Date of Award


Document Type


Degree Name

Doctor of Education (EdD)


Executive Leadership

First Supervisor

Guillermo Montes, Ph.D

Second Supervisor

Chinwe Ikpeze, Ph.D


This hermeneutic phenomenological study examined the efficacy of employee resource groups (ERGs) on African American and Hispanic women of color in their career trajectories up the corporate ladder. This study included 11 women of African American, Hispanic, and Latin American descent who were members of ERGs for 5 or more years. Three research questions were posed: (a) What do participants of ERGs believe are their benefits to themselves and their organization? (b) How can minority ERGs facilitate professional development and educational sessions? (c) What does the successful implementation of ERGs mean, more broadly, to the communities in which members live and work? Findings include: (a) ERGs are beneficial to women of color, (b) ERGs can successfully facilitate professional development, and (c) ERGs can be successfully implemented into the corporate structure and culture. This study yielded three new insights: (a) self-identification of Hispanic and Latin American employees, (b) the diversity of trauma based on race and ethnicity, and (c) diversity and inclusion (D&I) burnout due to lack of representation. Recommendations for practice include encouraging leadership to recognize and support the work of ERGs, capturing statistical data on ERGs, and acknowledging bias experienced by women of color. Recommendations for future research include interviewing other women of color as well as sponsors of ERGs and investigating the self-identification of immigrants.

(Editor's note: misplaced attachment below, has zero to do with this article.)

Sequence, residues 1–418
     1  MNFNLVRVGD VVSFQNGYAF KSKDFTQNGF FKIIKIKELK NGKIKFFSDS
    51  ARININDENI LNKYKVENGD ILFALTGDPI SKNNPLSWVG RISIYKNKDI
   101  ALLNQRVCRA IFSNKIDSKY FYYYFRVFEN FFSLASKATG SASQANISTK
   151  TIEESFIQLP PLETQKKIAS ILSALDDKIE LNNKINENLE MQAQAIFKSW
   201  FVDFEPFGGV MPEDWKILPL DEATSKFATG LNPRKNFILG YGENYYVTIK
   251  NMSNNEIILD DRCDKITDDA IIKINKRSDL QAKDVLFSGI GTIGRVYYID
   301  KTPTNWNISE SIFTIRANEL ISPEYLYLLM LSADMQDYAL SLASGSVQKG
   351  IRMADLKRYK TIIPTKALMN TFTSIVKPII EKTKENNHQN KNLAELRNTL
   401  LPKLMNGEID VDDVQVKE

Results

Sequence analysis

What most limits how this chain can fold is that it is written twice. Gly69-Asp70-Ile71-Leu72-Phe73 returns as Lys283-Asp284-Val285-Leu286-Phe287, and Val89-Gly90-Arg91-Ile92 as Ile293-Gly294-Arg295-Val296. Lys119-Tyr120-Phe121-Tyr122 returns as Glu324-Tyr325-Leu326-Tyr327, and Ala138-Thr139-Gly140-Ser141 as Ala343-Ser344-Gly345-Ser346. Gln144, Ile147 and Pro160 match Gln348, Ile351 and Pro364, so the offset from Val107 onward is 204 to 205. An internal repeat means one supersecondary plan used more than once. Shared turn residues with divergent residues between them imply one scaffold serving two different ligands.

Included in

Education Commons